Timothy Anne Burnside
Timothy Anne Burnside is an accomplished museum professional with 20 years of experience at the Smithsonian Institution. Her work explores intersections between history and culture through the lenses of music and performing arts via the acquisition, research, and interpretation of material culture. She builds collections inclusive of diverse and unique objects and develops exhibitions featuring powerful images, multimedia, and interactives to create engaging and educational experiences. Her unique professional perspective fuels her exploration of museums’ changing roles and responsibilities and evolving methodologies in the field. In addition to curatorial work and exhibition development, her background includes historical research, archival work, collections management, exhibition installation, and program production.
Timothy began her career with the Smithsonian Institution at the National Museum of American History in 2003 as an intern with the Archives Center, then became a Curatorial Assistant for the Division of Cultural History. She was also Project Assistant and a Producer of Jazz Appreciation Month (JAM) for two years. During that time, she led JAM’s national and international outreach and produced over 20 public programs and performances each April. In 2006 she launched the Smithsonian’s first hip-hop initiative and began building a collection. Timothy moved to the National Museum of African American History and Culture (NMAAHC) in 2009 and became part of the curatorial team that developed the museum’s collections and exhibitions from the beginning.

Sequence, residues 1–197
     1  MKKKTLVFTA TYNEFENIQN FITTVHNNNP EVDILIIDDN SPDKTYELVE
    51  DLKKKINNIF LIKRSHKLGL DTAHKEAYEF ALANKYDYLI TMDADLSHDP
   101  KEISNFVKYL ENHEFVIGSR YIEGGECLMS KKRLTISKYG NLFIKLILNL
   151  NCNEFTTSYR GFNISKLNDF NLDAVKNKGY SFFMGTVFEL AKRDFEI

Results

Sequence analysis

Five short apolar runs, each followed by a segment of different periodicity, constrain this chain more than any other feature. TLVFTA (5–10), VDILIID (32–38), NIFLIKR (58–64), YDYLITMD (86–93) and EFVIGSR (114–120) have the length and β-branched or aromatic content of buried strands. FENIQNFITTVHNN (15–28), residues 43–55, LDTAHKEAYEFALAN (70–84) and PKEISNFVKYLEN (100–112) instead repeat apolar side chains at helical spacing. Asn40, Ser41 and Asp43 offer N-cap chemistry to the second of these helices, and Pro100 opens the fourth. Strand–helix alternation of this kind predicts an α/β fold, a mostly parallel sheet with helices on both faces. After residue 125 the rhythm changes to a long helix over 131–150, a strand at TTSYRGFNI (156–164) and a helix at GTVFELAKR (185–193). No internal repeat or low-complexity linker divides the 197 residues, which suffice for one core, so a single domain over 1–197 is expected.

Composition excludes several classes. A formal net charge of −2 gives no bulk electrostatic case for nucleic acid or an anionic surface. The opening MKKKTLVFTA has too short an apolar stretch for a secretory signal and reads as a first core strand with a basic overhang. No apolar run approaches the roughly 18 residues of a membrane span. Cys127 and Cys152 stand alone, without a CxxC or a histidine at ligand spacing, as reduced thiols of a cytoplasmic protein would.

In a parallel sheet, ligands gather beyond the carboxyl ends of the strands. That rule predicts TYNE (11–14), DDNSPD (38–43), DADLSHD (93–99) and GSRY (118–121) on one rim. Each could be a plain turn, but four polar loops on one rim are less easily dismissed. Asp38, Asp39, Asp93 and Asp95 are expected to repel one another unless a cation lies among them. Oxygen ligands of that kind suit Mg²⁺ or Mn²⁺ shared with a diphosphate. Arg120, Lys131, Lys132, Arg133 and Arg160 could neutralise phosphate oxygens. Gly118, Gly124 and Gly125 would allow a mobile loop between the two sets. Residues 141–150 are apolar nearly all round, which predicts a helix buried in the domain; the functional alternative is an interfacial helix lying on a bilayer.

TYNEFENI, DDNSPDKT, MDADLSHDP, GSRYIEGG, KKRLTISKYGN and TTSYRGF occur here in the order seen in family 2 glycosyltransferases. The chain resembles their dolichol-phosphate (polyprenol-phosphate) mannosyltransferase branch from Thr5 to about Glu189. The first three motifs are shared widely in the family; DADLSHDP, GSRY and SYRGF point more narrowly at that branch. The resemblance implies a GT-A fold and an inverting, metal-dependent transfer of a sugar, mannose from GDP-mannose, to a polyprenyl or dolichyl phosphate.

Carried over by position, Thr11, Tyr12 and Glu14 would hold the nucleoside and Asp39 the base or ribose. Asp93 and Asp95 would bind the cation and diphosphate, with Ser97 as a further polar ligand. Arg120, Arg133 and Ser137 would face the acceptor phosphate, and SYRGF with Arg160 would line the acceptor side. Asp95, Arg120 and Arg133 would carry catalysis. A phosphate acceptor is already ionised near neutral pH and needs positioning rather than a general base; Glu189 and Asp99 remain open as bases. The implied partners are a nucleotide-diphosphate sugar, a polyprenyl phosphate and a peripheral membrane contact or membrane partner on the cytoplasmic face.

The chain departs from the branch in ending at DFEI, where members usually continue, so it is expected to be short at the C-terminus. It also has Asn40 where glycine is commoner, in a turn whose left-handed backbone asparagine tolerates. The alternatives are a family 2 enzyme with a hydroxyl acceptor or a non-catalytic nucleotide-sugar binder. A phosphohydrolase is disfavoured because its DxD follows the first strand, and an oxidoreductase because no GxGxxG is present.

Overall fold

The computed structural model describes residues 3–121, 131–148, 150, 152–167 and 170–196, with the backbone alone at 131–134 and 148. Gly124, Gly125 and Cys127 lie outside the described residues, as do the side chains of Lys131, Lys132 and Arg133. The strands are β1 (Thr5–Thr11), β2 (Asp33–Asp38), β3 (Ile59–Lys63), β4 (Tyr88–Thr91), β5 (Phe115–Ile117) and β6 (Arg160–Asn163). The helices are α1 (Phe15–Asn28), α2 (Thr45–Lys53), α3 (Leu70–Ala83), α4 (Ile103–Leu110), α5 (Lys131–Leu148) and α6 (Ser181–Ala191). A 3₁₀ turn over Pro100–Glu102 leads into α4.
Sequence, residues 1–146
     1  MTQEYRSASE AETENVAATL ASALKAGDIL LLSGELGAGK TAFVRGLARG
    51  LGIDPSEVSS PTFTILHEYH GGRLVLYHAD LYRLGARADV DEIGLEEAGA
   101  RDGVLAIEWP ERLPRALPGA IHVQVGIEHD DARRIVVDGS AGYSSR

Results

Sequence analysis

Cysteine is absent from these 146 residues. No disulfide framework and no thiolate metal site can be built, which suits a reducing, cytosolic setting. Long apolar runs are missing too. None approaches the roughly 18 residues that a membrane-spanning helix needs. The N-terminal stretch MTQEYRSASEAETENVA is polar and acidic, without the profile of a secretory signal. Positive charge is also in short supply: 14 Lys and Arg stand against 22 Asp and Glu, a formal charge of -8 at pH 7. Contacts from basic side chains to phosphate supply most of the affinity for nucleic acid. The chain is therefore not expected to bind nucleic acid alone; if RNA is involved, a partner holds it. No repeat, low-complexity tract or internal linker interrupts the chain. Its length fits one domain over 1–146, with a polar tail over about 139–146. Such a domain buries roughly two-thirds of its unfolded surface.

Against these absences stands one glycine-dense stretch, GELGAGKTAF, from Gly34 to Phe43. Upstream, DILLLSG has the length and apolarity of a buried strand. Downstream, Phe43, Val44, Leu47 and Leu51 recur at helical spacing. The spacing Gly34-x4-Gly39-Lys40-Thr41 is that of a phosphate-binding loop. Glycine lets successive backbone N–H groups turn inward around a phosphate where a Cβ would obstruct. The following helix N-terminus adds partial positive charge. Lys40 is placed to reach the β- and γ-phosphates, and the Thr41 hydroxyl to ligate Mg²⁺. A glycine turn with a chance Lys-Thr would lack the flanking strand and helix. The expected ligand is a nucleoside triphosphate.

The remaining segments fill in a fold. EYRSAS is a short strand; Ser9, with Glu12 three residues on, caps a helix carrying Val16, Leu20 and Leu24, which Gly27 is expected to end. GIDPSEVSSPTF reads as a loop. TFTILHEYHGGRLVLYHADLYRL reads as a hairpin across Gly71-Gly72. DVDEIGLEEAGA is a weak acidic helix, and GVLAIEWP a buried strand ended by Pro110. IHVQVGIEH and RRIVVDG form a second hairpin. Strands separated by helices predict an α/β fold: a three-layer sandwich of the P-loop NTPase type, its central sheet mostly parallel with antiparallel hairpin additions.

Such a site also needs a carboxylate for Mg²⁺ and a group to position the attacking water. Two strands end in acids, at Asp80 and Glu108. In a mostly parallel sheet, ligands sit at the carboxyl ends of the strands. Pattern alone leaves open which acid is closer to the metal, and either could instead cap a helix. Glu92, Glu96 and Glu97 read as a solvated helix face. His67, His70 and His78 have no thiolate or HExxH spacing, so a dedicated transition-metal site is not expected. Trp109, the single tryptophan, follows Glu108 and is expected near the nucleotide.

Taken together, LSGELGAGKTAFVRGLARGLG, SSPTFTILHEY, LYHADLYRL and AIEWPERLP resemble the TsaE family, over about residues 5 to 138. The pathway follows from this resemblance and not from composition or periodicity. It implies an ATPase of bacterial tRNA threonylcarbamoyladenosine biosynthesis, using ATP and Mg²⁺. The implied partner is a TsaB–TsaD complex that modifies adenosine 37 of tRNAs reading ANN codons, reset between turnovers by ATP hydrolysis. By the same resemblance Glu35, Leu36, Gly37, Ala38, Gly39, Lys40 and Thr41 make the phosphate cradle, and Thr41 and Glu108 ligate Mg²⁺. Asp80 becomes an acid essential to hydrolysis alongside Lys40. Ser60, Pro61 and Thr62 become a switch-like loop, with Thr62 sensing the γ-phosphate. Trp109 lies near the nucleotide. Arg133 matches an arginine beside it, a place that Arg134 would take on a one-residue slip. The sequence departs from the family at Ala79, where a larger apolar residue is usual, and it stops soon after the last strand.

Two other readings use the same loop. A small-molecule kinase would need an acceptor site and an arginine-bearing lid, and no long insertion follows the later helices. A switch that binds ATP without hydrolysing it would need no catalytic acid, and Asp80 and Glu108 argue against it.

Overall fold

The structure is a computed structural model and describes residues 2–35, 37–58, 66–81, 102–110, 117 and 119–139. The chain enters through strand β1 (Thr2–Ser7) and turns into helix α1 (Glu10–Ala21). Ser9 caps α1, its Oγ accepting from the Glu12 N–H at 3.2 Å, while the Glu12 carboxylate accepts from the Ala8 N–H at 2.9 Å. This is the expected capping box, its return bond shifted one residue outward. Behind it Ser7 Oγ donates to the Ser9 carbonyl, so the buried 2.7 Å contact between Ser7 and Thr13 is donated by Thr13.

Timothy contributed to multiple NMAAHC inaugural exhibitions, including Musical Crossroads, Sports: Leveling the Playing Field, Taking the Stage, Cultural Expressions, and Power of Place. Additional exhibitions for NMAAHC include Ain’t Nothing Like the Real Thing: How the Apollo Theater Shaped American Entertainment, Watching Oprah: The Oprah Winfrey Show and American Culture, and Represent: Hip-Hop Photography. She has produced and contributed to diverse award-winning projects, including the NMAAHC’s grand opening festival Freedom Sounds: A Community Celebration, the groundbreaking publication The Smithsonian Anthology of Hip-Hop and Rap, and the podcast All Music is Black Music. Recent projects include the inaugural NMAAHC Hip-Hop Block Party, the publication Musical Crossroads: Stories Behind the Objects of African American Music, and the NMAAHC's newest exhibition, Afrofuturism: A History of Black Futures.